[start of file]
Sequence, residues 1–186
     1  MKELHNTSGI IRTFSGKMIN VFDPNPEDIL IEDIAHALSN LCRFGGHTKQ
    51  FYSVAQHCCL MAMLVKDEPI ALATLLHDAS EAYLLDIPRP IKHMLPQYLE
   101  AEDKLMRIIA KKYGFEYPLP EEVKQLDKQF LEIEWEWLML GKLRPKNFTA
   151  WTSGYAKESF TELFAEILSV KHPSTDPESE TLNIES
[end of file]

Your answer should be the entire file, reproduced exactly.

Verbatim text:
Sequence, residues 1–186
     1  MKELHNTSGI IRTFSGKMIN VFDPNPEDIL IEDIAHALSN LCRFGGHTKQ
    51  FYSVAQHCCL MAMLVKDEPI ALATLLHDAS EAYLLDIPRP IKHMLPQYLE
   101  AEDKLMRIIA KKYGFEYPLP EEVKQLDKQF LEIEWEWLML GKLRPKNFTA
   151  WTSGYAKESF TELFAEILSV KHPSTDPESE TLNIES